We all know that some of life’s most valuable lessons occur outside of the classroom environment. We have also been told time and again of the importance of extracurriculars, leading us to load our college applications and professional resumes with a long list of skill-building and character-building activities.
But can our hobbies contribute to our academic success and career advancement by making us better students? And if so, how do our hobbies apply specifically to graduate-level business studies?
Whether you are attending The University of Tennessee Chattanooga (UTC) in the Gary W. Rollins College of Business or another institution, your extracurricular accomplishments have likely played a significant role in your acceptance into any quality Master of Business Administration (MBA) program. But now that you are working toward your MBA, you no longer have time to waste on frivolous pastimes, right?
Actually, there are countless ways that your favorite hobby can improve your performance in the classroom while better preparing you for a career after graduation. The comprehensive hobbyist website Allpastimes describes the power hobbies have to lower stress levels and to keep potentially self-destructive behaviors at bay as two powerful drivers of overall academic performance in any number of fields. Hobbies have also proven extremely helpful in the general development of focus and concentration.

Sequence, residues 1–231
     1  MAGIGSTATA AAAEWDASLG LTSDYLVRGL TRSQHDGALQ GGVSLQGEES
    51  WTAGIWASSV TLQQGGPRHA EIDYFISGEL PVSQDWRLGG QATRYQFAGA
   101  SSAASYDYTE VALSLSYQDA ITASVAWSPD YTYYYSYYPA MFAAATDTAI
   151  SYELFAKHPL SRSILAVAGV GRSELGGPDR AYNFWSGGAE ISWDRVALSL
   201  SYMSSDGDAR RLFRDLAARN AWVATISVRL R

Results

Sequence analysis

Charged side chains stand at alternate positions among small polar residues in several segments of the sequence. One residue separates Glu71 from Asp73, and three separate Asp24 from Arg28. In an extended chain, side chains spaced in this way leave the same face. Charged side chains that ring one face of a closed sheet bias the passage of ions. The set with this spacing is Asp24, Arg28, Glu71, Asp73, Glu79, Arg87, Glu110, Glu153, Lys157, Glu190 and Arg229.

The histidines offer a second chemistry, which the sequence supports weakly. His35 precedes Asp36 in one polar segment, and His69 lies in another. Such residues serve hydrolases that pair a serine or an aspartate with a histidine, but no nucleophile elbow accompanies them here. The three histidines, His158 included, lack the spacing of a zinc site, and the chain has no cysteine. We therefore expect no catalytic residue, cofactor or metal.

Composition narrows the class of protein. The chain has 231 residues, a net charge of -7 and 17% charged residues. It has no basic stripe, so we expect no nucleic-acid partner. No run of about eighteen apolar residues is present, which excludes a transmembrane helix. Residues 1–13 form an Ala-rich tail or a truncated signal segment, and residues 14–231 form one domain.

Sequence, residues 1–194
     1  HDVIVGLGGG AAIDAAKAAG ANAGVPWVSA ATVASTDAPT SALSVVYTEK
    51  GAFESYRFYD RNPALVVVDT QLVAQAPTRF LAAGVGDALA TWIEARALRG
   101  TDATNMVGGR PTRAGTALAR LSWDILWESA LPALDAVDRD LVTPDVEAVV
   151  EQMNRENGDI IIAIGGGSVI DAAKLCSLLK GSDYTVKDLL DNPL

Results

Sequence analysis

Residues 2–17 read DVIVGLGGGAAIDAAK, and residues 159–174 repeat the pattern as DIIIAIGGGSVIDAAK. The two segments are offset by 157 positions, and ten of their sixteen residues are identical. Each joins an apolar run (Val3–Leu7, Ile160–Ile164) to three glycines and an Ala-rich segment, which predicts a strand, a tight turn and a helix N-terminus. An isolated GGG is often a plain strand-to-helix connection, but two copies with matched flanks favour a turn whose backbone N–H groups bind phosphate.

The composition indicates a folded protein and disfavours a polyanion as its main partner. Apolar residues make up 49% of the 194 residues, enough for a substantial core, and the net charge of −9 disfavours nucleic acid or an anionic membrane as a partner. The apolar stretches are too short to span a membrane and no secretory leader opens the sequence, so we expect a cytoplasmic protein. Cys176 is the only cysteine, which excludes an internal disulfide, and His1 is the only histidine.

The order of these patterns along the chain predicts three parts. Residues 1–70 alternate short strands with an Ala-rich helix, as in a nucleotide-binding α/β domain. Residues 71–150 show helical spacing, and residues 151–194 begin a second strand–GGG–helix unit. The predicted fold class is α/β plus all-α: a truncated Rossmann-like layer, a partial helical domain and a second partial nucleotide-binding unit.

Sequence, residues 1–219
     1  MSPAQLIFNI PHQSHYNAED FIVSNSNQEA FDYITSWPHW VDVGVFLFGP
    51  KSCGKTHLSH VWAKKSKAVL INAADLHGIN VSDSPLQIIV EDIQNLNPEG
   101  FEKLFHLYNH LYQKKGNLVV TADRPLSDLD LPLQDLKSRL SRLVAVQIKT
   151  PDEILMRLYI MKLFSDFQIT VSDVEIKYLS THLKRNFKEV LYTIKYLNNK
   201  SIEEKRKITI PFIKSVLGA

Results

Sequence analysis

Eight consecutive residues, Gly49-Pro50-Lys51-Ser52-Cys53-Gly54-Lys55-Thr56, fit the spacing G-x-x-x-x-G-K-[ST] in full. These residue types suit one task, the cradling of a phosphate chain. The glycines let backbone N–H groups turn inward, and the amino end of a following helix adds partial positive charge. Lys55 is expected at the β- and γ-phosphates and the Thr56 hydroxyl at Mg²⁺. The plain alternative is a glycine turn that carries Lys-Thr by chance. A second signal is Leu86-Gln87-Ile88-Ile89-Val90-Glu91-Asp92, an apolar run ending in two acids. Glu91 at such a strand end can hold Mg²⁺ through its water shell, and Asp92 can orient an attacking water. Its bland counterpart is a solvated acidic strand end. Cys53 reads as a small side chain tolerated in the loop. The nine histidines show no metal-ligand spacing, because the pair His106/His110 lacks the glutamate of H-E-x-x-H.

Allpastimes also points out benefits of hobby engagement that are specifically relevant to the wants and needs of the business student. Perhaps more than any other profession, business work requires diligent networking and relationship building. From team sports to book clubs, extracurricular activities offer ample opportunities to build valuable and mutually beneficial partnerships. Even potentially solitary hobbies like jogging and puzzle-solving are often more rewarding when they are undertaken with others.
What hobbies are particularly adept at making you a better MBA student and, ultimately, a better business leader? Here are five that may just give your business studies the boost that they need. Even better, they can be incredibly fun to learn and to practice!
1. Creative Writing
If you want to become the best business student and senior administrator that you can become, outstanding writing skills can be essential. In its informative article “Five Tips for Creative Business Writing,” the professional training organization Pryor Learning Solutions stresses the importance of approaching all writing projects with a creative eye.
“Too often, we think of creative writing as something that is written outside the office, and business writing as something that happens at the office,” writes Pryor Learning Solutions contributor Sheryl McAtee. “In fact, any time we create a new approach at work, we are creating—and writing about that creation is a creative writing exercise.”
So why not flex your creative muscles by writing the short story or composing that epic poem that has been in the back of your mind? It may be just what you need to keep your board members on the edge of their seat while reading your latest business report.
2. Personal Reading
Of course, communication is a two-way street, and you want to be able to digest information just as easily as you impart it. For this reason alone, you should put your textbooks down from time to time to explore your own literary interests.